I had “won”, but only after a long 15 minute “rant”, that I like to call my “passion”, coming out. I had sealed my fate…good or bad, and I was headed in a unknown and untried direction for a Rotary Club. I could feel all 3000 pair of eyes on me as I tried something new. I felt a little numb & like Christopher Columbus setting out to find a new world. (Funny, some days, it still feels a little like that first day over and over again, but now with a familiar, ring to it.)  It has been 18 months now, and praises, awards and accolades later… I am the district 5030 supper star. I was awarded the ROTARIAN of the YEAR award for our district of 3000 people…and 54 clubs. AWE inspiring stuff. There is a U-tube video, on our www.redmondrousersrotary.org site, of me on stage…that looks like a “deer in the headlights” version of me as I accepted my great award. I count my blessings of gratitude and I guess being a trailblazer and new explorer is something I like, and never gets old for me. I love being adventurous, and in this instance it worked out well with my personality and my sense of wanting to change the culture of ROTARY….in the community, and in our world.

Proud? Damn straight…I am. I feel like the Queen of my Castle….Momma of my flock, and worth every minute I spend…working on making a better life for kids and families in need. Every time I have a bad day….I think of others who sleep in tents, or who do not have enough to eat, or who do not have a family to love them. I know I make a difference, and am extremely proud of what WE do in Rotary….helping others. I guess, I really don’t know how to do anything else, any better…or I would do that.

So, to conclude this story and bring you up to date on what happened after my 1st year as President, July 1 2010 to June 30, 2011… I recruited 23 new people into our club. WOW….that is amazing, even for me to re-read that stat. An unbelievably rare accomplishment at any level of recruiting in a  Rotary club, especially when I didn’t know what Social Media really was. We won 3 more awards, the Presidential citation,the literacy zone and district awards, made a lot of new friends, made my mom proud and made a great story to tell my grand children someday. So, that is the good news. The bad news is that all of the newbies did not stay in Rotary. Some of them decided it wasn’t the right fit, long term for them…although they liked the club. Some lost their jobs, & moved away…But MOST of them stayed. Our Club now has 18 solid members in it. I have the good fortune to say, they are all now friends of mine.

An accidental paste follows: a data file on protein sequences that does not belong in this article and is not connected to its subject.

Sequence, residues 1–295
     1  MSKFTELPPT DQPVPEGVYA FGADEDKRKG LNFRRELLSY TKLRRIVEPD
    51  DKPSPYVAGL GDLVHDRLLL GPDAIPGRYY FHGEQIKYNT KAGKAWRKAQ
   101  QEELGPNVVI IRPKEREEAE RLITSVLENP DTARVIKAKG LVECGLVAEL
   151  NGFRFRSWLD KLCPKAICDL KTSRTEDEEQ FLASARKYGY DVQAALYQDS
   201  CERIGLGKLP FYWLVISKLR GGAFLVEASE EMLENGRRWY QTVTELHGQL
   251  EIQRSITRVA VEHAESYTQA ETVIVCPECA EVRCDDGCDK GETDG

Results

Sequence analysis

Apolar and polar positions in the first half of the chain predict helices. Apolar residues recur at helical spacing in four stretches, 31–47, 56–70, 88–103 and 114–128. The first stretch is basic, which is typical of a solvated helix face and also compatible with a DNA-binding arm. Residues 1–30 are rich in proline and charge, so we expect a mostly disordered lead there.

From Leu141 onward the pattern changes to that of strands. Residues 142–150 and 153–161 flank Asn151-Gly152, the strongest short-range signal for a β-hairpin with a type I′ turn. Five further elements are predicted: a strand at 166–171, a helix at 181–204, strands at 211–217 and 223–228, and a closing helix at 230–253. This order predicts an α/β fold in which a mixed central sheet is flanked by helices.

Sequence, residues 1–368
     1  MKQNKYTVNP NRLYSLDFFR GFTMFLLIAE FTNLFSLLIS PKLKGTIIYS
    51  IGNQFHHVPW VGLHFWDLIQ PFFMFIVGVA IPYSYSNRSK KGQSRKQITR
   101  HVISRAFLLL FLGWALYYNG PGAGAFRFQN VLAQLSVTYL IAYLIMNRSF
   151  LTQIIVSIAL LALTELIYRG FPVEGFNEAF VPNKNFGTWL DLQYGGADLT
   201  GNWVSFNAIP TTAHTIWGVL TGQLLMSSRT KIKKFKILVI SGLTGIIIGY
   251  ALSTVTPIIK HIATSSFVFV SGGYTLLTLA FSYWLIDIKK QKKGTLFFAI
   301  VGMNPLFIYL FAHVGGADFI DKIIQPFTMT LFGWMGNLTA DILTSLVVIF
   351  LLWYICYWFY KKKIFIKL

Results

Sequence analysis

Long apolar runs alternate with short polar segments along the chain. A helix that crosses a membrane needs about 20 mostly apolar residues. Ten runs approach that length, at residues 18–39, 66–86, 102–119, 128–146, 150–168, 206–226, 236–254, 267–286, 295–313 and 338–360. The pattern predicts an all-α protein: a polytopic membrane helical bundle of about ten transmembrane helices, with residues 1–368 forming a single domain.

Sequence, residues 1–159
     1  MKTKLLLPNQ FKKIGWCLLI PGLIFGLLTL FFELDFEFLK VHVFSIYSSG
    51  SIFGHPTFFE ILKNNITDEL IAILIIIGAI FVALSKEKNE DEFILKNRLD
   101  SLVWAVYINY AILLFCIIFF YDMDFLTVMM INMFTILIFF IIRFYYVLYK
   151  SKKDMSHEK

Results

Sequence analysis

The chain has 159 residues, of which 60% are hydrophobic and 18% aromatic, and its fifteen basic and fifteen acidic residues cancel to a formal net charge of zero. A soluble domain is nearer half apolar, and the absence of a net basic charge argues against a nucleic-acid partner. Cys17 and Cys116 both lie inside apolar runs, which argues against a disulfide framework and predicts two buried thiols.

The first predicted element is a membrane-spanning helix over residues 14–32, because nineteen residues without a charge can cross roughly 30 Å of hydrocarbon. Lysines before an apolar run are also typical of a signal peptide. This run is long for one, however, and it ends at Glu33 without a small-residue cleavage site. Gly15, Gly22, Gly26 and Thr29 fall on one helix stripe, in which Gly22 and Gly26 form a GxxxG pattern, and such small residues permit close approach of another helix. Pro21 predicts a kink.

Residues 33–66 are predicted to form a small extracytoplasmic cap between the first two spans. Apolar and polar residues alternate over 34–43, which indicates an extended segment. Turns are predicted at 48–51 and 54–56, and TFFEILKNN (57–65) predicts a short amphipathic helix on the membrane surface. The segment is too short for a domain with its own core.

SIDEBAR: I forgot to tell you about the catalyst to this story….and it matters, so here is why I decided to do what I did. One of my beloved and dear friends in our old club of only 8 people, was Russ. My longtime buddy of 10 years,  Russ Newman, suddenly died after a heart bypass in Feb 2010. 3 weeks before his surgery, he shuffled into the meeting like an 85 year old man does occasionally, but this time he looked different. I said to him, “Russ what’s the matter, why are you walking so slow?” He said to me…”well, my Dr. says I have a bad ticker and I need surgery”.  We proceeded to talk for 10 minutes about him and all he had going on. Who would feed his parrot ,was a big decision, I recall. He then pulled me close to him gave me a hug, and said to me, “Kelly-Girl”, (his nickname for me) “You are going to be the best Rouser President EVER!”. I was taken back by his confidence in me…and told him I hoped so, but I doubted it. We had had some really good ones in our past 20 years….like him, Bruce, Eric, Tom, Lisa and others. But somehow, his faith in me, was real, and I could feel it. I remember I cried hard when I found out he died in the recovery room after the operation. I was just making plans to go see him in the hospital, when I heard the news. I had lost my buddy, my pal, my one biggest fan & supporter in this presidential run….of a year in my life. What was I gonna do now?….I cried some more. Then a few days later, I went to P.E.T.S….and found the courage & faith he had told me about. I found my deep LOVE of Rotary and WHY I was there, training to become the new president. I was trying to revive an old dead club into a new alive club again, and it was going to be a lot of hard work. After this amazing weekend, I was now up to the challenge. Russ’ words stuck with me…as they do today and everyday. He was and is a BIG part of why we are still here…and if I could reach out to tell him, thank you, this is what I would say. “Russ, Thank You, from the bottom of my heart for your kind words and faith in, Lil ole me. Love you, Kelly Girl”